A bear, who had worn himself out walking from one end of his cage to the other, addressed his keeper thus:
“I say, friend, if you don’t procure me a shorter cage I shall have to give up zoology; it is about the most wearing pursuit I ever engaged in. I favour the advancement of science, but the mechanical part of it is a trifle severe, and ought to be done by contract.”
“You are quite right, my hearty,” said the keeper, “it is severe; and there have been several excellent plans proposed to lighten the drudgery. Pending the adoption of some of them, you would find a partial relief in lying down and keeping quiet.”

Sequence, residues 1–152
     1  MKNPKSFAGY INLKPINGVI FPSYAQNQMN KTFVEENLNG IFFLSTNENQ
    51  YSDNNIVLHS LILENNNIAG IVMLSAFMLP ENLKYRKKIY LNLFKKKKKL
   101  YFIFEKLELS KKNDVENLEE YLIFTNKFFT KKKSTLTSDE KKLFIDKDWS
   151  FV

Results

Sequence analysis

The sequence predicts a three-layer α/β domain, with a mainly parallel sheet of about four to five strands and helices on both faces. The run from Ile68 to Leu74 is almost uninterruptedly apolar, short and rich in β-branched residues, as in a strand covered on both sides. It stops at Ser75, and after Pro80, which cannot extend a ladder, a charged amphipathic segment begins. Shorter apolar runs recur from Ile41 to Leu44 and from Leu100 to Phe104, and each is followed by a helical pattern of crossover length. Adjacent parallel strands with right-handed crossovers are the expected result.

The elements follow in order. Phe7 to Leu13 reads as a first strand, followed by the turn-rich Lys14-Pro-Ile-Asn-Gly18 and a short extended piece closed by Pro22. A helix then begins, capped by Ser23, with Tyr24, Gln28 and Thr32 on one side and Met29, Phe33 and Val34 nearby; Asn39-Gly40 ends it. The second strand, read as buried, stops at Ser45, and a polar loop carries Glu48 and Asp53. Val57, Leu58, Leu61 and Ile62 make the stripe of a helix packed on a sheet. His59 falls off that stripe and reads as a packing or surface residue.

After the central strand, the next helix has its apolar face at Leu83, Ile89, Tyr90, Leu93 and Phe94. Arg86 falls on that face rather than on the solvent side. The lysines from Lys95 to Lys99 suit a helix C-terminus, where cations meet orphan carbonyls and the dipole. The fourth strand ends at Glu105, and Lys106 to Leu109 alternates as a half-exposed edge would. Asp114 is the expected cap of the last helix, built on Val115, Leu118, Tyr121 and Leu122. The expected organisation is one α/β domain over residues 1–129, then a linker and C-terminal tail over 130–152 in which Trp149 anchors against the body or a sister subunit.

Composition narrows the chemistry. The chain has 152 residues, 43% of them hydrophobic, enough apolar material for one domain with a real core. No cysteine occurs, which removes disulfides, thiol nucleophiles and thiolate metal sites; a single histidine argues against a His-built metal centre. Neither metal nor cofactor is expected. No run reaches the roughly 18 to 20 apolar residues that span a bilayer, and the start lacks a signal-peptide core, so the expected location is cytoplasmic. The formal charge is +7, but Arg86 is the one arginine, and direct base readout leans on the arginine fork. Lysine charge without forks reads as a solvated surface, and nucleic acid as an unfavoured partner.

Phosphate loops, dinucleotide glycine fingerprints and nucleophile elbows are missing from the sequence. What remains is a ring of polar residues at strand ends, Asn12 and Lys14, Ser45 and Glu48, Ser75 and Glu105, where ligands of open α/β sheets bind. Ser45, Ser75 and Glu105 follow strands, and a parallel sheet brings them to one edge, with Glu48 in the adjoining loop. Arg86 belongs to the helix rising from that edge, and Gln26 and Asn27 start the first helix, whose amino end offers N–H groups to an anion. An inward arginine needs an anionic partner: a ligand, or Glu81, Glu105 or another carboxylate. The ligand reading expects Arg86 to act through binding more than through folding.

“It won’t do — it won’t do!” replied the bear, with a mournful shake of the head, “it’s not the orthodox thing. Inaction may do for professors, collectors, and others connected with the ornamental part of the noble science; but for us, we must keep moving, or zoology would soon revert to the crude guesses and mistaken theories of the azoic period.
And yet,” continued the beast, after the keeper had gone, “there is something novel and ingenious in what the underling suggests. I must remember that; and when I have leisure, give it a trial.”
It was noted next day that the noble science had lost an active apostle, and gained a passive disciple.